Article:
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When you are an employer, one of the biggest headaches that you have is one that earns you nothing at all and yet is an essential part of your business. We are talking about payroll here, and it is a headache because it is so very complicated. Furthermore, the bigger your business grows - which is what you want to achieve – the more employees that you have, and the more difficult your payroll becomes.

This is because there are so many possible variations which means that two employees with exactly the same wage are actually paid differently because one may be in receipt of benefits and the other is not.

Not only that, but while you have employees you may also have workers. The difference can be quite subtle, but employees have rights that workers do not, such as statutory sick pay, maternity leave, maternity pay, the right to request flexible working hours, protection against unfair dismissal, and more. In general, an employee will have a written contract of employment which a worker will not.

HMRC provides several online guides regarding employees, one of which is an Employment Status Manual which can help an employer to understand the legal requirements when it comes to employing people and payroll. It helps you to understand issues relating to the employment status of individuals and working out whether an employee is actually employed or could be self-employed, and also things such as apprenticeships and training.

You have to supply a Full Payment Submission using Real Time Information every time one or more employees is paid, showing payments and deductions. FPS can only be sent using payroll software and must be supplied on or before the employee’s pay day. All of this allows HMRC to keep up to date with your payroll and your employees tax and National Insurance.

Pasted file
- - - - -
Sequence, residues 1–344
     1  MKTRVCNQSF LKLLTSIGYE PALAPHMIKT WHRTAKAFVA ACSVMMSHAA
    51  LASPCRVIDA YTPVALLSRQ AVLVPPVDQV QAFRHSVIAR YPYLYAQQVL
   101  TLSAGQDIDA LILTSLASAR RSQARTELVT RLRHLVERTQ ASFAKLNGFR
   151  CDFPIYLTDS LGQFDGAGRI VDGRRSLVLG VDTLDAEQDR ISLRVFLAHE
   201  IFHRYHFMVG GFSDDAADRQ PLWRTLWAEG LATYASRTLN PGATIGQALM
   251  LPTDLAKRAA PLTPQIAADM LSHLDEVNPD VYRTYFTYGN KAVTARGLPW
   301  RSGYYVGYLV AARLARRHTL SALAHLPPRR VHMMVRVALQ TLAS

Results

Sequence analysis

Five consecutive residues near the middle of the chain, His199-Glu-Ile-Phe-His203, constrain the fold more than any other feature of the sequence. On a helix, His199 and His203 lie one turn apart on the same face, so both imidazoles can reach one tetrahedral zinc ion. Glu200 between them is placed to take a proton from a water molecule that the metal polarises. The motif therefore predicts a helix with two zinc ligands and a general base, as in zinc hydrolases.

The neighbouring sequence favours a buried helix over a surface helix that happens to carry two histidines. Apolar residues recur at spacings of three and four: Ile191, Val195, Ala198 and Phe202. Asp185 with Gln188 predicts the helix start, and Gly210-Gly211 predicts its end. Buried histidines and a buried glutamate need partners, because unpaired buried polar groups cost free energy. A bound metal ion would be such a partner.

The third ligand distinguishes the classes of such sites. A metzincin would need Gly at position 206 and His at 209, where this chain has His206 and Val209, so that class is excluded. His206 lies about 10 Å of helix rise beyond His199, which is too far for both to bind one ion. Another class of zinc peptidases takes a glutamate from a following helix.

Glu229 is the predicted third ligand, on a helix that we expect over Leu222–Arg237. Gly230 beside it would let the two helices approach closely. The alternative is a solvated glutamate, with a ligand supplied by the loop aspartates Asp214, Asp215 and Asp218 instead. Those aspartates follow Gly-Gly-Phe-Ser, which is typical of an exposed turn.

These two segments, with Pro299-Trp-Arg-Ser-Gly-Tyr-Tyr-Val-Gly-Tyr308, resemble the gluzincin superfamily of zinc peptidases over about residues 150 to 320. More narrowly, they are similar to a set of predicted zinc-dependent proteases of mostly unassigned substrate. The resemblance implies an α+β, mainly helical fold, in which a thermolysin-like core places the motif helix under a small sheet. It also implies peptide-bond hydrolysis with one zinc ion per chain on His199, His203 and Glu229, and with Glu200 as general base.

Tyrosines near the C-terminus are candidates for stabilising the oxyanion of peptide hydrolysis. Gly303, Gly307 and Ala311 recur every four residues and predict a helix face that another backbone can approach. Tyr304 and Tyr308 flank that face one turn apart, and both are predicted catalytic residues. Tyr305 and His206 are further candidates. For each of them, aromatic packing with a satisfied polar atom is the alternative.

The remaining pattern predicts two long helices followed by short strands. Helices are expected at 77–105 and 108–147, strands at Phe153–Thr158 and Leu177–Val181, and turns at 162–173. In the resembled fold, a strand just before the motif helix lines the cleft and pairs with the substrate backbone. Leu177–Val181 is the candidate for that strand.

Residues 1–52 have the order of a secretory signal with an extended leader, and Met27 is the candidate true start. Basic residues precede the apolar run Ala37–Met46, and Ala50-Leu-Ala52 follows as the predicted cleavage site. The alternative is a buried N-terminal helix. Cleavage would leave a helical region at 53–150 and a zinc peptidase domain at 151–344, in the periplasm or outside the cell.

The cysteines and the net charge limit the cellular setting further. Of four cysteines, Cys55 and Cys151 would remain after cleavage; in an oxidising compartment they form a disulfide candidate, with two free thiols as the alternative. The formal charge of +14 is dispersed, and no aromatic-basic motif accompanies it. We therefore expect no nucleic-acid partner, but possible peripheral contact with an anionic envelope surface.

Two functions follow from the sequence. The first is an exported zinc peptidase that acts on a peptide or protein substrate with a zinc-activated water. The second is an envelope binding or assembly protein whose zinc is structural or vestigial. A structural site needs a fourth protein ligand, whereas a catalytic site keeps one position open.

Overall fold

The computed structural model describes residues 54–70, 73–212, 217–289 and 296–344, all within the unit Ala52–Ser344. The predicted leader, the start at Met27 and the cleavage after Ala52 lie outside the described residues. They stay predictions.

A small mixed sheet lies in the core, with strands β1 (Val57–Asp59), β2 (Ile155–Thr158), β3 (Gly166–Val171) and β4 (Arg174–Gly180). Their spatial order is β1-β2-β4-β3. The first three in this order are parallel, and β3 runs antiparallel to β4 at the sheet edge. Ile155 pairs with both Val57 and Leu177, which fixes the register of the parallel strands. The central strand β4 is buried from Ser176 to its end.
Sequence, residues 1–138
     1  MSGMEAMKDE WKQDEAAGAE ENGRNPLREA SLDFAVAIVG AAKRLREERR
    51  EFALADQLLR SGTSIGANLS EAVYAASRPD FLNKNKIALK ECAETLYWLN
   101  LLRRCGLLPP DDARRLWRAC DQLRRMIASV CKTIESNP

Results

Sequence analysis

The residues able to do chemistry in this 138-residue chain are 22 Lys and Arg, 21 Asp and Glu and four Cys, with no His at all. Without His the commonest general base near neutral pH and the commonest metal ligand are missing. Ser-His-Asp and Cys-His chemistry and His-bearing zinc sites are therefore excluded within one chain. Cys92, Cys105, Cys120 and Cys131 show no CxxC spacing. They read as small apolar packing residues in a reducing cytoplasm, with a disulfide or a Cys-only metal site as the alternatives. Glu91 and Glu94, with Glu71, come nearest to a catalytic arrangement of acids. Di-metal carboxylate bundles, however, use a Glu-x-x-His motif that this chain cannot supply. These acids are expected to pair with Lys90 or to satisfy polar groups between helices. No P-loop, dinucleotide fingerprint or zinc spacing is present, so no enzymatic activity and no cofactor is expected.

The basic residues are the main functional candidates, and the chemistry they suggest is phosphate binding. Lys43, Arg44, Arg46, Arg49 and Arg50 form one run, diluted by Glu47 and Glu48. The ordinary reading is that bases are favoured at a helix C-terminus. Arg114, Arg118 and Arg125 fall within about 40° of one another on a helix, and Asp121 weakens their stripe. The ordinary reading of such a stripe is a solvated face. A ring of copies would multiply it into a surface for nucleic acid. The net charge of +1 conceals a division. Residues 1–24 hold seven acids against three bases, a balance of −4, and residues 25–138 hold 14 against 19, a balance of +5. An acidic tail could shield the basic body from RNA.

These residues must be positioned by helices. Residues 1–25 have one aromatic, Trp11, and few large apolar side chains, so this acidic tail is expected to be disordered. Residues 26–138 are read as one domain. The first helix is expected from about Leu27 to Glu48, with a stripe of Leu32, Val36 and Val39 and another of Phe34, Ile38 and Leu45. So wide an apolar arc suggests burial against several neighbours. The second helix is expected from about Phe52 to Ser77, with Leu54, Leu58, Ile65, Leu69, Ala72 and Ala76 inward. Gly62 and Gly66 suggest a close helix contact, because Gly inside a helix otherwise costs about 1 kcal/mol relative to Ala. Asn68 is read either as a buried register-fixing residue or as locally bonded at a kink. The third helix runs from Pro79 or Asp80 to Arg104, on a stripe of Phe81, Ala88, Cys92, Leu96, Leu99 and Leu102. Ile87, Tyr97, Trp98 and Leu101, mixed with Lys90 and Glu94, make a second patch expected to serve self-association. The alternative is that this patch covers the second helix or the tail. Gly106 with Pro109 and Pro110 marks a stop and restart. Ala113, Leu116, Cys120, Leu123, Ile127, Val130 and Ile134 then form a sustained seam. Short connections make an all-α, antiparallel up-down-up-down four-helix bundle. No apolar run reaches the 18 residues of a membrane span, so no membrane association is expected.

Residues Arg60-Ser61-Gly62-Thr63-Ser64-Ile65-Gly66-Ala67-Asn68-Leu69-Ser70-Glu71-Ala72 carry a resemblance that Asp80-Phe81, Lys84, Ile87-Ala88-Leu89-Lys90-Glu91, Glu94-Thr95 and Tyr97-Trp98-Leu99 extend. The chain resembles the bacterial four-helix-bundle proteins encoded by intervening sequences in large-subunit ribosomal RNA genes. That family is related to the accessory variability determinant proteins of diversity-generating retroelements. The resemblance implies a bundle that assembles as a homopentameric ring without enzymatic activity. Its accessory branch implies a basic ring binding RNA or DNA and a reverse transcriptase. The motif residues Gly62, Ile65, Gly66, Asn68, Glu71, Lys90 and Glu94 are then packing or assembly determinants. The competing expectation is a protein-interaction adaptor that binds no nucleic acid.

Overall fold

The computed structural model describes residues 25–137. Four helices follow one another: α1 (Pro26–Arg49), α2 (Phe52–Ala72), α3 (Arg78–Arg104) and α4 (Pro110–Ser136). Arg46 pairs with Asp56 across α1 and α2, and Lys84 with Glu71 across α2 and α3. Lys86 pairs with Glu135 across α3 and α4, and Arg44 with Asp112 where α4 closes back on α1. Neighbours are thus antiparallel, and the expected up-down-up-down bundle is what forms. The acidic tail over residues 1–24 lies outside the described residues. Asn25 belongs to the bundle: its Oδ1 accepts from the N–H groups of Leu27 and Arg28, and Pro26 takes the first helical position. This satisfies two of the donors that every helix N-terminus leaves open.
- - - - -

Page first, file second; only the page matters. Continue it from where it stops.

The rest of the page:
NICs

Most employees pay NICs (National Insurance Contributions) and these are deducted from their pay in the same way as tax. All employees earning more than £166 per week must pay NICs, but there are different classes which can vary if you supply things such as company cars or health insurance. As the employer, you also have to make a contribution to their National Insurance, and this is calculated as a percentage of the employee’s salary.

There are also several categories of employee, and this can determine whether or not they pay NICs at the standard rate or a lower rate. For instance, married women and widows may be entitled to pay a lower rate. There are separate categories for employees under 21, apprentices under 25, employees over the state pension age, and so on.

All of this is why many employers today choose to use payroll outsourcing services in the UK. If you are a very small business and only have a handful of employees, you may be able to handle payroll in house, but as your business expands, payroll can become a serious problem. It also costs money to run because you need payroll software, a payroll manager, and maybe additional staff – all to operate your payroll. Using payroll outsourcing services in the UK can actually reduce the costs of operating your payroll while at the same time freeing you up to do what you should be doing which is sourcing new customers and providing the goods or services that you offer.

Not only that, but one of the big benefits of using payroll outsourcing services is that the companies that provide them are fully conversant with all of the complex laws that cover payroll, so you can relax in the knowledge that your returns to HMRC will be correct.

This article was written by
The Pay Check Team
info@paycheck.co.uk
+4420 7498 1133